Tree-Ring Talk

Shifting from Local to Landscape Controls of Disturbance Size and Severity: A Tree-Ring Reconstruction of Fire, Spruce Beetle Outbreaks, and Species Dynamics of the Pinaleño Mountains

Forest disturbances exert a strong control over species composition and structure. In the Sky Islands of the American Southwest, steep elevation gradients give rise to moisture and temperature gradients that support a diverse array of forest types and disturbance regimes in a relatively small geographic area.

A new perspective on drought history in the Four Corners: cool- and monsoon-season precipitation reconstructions for the Hopi and Navajo tribal lands

For well over a decade, the Hopi Tribe and Navajo Nation located in northeastern Arizona have suffered the effects of persistent drought conditions. Severe dry spells have critically impacted natural ecosystems, water resources, and regional livelihoods including dryland farming and ranching. Drought planning and resource management efforts in the region are based largely on the instrumental record of climate, which contains a limited number of severe, sustained droughts.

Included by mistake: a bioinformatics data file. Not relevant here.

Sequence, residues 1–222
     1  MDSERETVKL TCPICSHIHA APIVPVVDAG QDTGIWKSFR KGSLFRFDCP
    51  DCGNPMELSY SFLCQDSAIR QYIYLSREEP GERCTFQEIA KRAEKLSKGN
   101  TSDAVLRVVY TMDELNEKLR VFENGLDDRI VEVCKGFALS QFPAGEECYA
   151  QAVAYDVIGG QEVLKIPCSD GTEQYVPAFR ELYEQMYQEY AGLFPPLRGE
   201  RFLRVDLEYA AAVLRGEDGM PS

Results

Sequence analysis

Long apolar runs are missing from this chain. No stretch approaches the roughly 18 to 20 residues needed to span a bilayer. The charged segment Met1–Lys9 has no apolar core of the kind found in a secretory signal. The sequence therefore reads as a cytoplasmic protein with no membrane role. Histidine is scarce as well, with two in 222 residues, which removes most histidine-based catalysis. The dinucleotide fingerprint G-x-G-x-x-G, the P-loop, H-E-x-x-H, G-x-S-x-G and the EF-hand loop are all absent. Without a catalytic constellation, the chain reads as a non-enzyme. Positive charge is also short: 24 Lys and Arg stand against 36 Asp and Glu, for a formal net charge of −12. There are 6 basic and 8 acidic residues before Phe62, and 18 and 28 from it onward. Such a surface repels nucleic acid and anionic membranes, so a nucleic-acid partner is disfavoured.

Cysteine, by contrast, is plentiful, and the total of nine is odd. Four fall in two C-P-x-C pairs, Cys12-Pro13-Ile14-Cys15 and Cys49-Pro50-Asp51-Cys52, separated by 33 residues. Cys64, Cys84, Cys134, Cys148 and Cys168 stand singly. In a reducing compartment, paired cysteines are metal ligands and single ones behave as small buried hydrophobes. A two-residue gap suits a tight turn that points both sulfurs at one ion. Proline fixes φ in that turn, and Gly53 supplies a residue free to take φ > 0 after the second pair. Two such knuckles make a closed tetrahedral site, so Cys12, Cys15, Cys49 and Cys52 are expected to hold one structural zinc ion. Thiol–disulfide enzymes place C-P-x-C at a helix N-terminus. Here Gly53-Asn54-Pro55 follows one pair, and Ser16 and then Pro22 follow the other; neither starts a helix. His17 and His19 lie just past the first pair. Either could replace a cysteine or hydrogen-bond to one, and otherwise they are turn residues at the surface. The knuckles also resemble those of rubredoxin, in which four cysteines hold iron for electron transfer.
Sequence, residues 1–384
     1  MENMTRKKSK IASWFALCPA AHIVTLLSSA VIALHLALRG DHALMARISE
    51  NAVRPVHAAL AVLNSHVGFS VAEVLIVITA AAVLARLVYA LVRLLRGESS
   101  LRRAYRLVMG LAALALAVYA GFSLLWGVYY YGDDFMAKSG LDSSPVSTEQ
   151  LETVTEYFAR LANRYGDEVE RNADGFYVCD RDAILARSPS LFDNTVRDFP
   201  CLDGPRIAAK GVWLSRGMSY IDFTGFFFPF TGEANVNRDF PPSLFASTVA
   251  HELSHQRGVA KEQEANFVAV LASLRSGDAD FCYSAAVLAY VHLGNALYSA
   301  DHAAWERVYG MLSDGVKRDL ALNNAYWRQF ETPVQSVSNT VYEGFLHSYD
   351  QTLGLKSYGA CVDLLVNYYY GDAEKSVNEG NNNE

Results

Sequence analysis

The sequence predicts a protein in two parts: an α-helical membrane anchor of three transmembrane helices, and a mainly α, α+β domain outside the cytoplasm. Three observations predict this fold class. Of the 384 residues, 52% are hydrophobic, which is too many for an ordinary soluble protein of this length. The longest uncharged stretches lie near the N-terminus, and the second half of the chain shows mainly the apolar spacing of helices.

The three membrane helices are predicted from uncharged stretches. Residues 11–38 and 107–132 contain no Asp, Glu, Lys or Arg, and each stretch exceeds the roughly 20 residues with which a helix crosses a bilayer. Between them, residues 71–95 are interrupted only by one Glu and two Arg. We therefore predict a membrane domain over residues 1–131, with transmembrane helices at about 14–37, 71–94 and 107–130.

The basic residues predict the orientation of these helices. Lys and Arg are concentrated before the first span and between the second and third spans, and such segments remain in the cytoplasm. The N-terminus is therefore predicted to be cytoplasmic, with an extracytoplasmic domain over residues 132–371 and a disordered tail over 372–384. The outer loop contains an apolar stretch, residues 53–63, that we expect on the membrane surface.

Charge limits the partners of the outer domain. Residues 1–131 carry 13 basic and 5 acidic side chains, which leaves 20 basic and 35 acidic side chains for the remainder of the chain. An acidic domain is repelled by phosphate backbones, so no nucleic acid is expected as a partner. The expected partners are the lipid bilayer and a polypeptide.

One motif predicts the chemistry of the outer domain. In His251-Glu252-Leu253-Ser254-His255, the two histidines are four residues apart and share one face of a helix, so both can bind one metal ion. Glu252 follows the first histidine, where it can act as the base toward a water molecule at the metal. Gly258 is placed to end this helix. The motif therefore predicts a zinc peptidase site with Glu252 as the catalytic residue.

Earlywood and latewood: new insight on the tree growth-climate response in the U.S. Southwest with emphasis on the summer monsoon.

Earlywood and latewood tree-ring chronologies offer promise for reconstructing season- specific, and in some cases, dual-season climate variability. This was our motivation for developing a new network of 50 intra-annual chronologies for the southwestern U.S., where annual precipitation is split between the westerly influenced winter and summer monsoon climate regimes.

Fire History of Montane Grasslands and Ecotones of the Valles Caldera, New Mexico, USA

Montane grasslands are distributed across the Southwest, but there has been little quantitative study despite their biological and economic value. The study area is the montane forest-grassland ecotone within the Valles Caldera National Preserve (VCNP) northwest of Albuquerque, New Mexico, situated in the heart of the Jemez Mountains. We hypothesize that the fire history record of the ecotone should closely reflect the fire regimes in the montane grasslands throughout the study area and that this zone served as a pathway to encourage the spread of fire to other valles.

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